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Reproductive Technology

Like most areas of science, reproductive technology has advanced with leaps and bounds in recent decades. Things that were barely imaginable in the past, like in-vitro fertilization (IVF), are now seen as everyday occurrences. Even the most common forms of contraception in use today were not developed until the twentieth century. Reproductive technology has given women and their partners much more control over how many children they have and when those children are conceived.

There are many different types of fertility treatments available to couples who have difficulty conceiving. The first thing that most people try is fertility drugs, because they are relatively inexpensive and noninvasive. The most popular ones are Clomid, Femara, and Gonadotropins (FSH, LH, and hCG). Surgery is often used to resolve anatomical problems in women. Another option is artificial insemination, in which a sperm is implanted in the uterus in the hope that it will fertilize properly with an egg.

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IVF is another common fertility treatment. Eggs and sperm are taken from the couple (or a donor) and combined in a laboratory. The eggs are removed with a needle while the woman is under local anesthesia. If an embryo forms in the lab, it is placed in the woman’s uterus a few days later. The embryo transfer is done through the cervix. Like many other types of fertility treatments, multiple embryos are usually implanted. This is done because the procedures are very expensive, and multiple embryos offer a higher chance of having a successful pregnancy.

Infertility: In Vitro Fertilization from the American Pregnancy Association

In Vitro Fertilization on eMedicineHealth

IVF Connections A community for support and information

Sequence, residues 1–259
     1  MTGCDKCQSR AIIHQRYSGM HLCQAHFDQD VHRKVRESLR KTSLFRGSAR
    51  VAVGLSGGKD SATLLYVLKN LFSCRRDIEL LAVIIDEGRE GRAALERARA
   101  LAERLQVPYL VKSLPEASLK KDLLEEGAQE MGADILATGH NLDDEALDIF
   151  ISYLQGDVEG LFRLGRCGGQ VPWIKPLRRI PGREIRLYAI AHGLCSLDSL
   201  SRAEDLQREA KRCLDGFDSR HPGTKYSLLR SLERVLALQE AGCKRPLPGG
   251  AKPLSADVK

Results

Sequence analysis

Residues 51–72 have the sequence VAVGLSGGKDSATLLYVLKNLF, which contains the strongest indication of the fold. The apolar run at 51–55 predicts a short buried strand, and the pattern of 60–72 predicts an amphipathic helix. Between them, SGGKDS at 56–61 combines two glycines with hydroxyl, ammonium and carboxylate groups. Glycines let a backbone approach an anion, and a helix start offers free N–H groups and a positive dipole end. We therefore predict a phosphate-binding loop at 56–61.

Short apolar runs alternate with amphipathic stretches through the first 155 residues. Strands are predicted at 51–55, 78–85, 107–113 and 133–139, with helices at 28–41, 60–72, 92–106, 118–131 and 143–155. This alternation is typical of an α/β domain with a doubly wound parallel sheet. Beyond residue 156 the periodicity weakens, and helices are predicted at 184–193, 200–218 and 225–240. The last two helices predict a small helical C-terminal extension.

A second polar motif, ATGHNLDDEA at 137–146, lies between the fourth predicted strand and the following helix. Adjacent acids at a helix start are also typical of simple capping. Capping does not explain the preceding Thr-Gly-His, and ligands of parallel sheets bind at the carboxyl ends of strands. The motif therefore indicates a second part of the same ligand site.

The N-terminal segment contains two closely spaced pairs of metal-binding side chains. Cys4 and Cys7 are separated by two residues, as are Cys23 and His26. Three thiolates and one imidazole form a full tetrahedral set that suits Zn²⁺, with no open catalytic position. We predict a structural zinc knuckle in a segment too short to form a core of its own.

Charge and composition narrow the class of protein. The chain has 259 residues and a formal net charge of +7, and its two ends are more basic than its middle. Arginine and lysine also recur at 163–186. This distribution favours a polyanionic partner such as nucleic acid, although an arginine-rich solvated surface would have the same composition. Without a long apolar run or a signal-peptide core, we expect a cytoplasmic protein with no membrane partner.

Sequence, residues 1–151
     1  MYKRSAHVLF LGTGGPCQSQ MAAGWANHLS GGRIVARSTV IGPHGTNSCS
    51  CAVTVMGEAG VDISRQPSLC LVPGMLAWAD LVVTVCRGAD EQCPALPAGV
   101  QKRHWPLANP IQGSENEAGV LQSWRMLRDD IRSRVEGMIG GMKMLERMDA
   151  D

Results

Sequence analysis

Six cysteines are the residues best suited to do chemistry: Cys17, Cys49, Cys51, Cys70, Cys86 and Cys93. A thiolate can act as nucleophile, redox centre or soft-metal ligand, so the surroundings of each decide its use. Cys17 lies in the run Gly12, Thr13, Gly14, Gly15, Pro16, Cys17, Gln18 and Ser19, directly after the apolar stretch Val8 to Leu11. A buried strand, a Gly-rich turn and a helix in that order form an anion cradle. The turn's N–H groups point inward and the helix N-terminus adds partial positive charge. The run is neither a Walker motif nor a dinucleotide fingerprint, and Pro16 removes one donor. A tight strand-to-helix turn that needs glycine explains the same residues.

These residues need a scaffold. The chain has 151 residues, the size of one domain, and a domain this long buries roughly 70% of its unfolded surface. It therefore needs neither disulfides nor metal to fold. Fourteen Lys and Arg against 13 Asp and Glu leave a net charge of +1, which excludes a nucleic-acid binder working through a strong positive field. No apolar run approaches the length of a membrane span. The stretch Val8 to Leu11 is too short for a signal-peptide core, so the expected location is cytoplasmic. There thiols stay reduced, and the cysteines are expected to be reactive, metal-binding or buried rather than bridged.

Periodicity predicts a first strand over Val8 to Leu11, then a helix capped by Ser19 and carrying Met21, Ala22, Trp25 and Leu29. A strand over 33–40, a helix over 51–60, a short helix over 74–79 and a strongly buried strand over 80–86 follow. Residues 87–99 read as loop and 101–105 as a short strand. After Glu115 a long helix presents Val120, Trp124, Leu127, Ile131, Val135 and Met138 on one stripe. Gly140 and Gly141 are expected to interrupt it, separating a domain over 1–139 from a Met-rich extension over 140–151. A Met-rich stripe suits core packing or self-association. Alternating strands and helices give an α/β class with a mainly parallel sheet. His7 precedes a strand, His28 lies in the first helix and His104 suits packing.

Cloning, in terms of human reproduction, means creating a person who has the exact same DNA as someone else. This has never happened before, though groups of scientists are reportedly working to make it a reality. The ethical issues surrounding cloning are heavily debated. A lot of people, including many experts, believe this is an area of reproductive technology that should not be developed further. It is illegal in many countries around the world. Another area of human cloning involves growing human tissues and organs from embryonic stem cells to be used for transplants.

Cloning Fact Sheet By the U.S. Department of Energy Human Genome Program

Stem Cell Research and Human Cloning Articles by the American Medical Association

Cloning: How It Works An interactive guide

Genetic Encores: The Ethics of Human Cloning

Cloning FAQs and Fiction Cloning Facts on MedicineNet

Contraception, commonly called birth control, is any method that is used to lower the chances of a sperm fertilizing an egg. Reproductive technology includes many different types of contraception, such as condoms, spermicide, birth control bills, injections, patches, the ring, and implants. Emergency contraception can be used soon after intercourse to reduce the chances of pregnancy.

Information about many contraception methods

Birth Control – National Institute of Health

The Emergency Contraception Website – Princeton

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Further Reading